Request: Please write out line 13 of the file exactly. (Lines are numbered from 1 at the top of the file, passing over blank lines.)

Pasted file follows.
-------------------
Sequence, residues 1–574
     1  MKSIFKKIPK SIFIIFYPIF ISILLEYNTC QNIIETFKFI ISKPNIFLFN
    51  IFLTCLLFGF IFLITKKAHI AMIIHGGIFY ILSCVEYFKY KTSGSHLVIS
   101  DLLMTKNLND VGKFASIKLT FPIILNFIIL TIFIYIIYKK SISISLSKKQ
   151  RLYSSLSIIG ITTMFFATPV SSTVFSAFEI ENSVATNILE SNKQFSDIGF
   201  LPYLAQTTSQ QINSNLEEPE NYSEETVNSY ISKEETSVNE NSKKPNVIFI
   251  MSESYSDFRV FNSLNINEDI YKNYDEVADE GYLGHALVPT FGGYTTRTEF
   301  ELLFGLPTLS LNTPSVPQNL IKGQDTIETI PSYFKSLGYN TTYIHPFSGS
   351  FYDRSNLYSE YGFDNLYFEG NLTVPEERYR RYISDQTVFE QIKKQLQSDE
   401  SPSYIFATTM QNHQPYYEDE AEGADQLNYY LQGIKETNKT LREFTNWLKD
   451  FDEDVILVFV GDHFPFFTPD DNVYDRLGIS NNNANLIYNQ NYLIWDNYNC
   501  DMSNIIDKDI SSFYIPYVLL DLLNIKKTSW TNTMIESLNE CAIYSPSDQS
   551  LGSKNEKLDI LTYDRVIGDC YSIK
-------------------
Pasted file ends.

   551  LGSKNEKLDI LTYDRVIGDC YSIK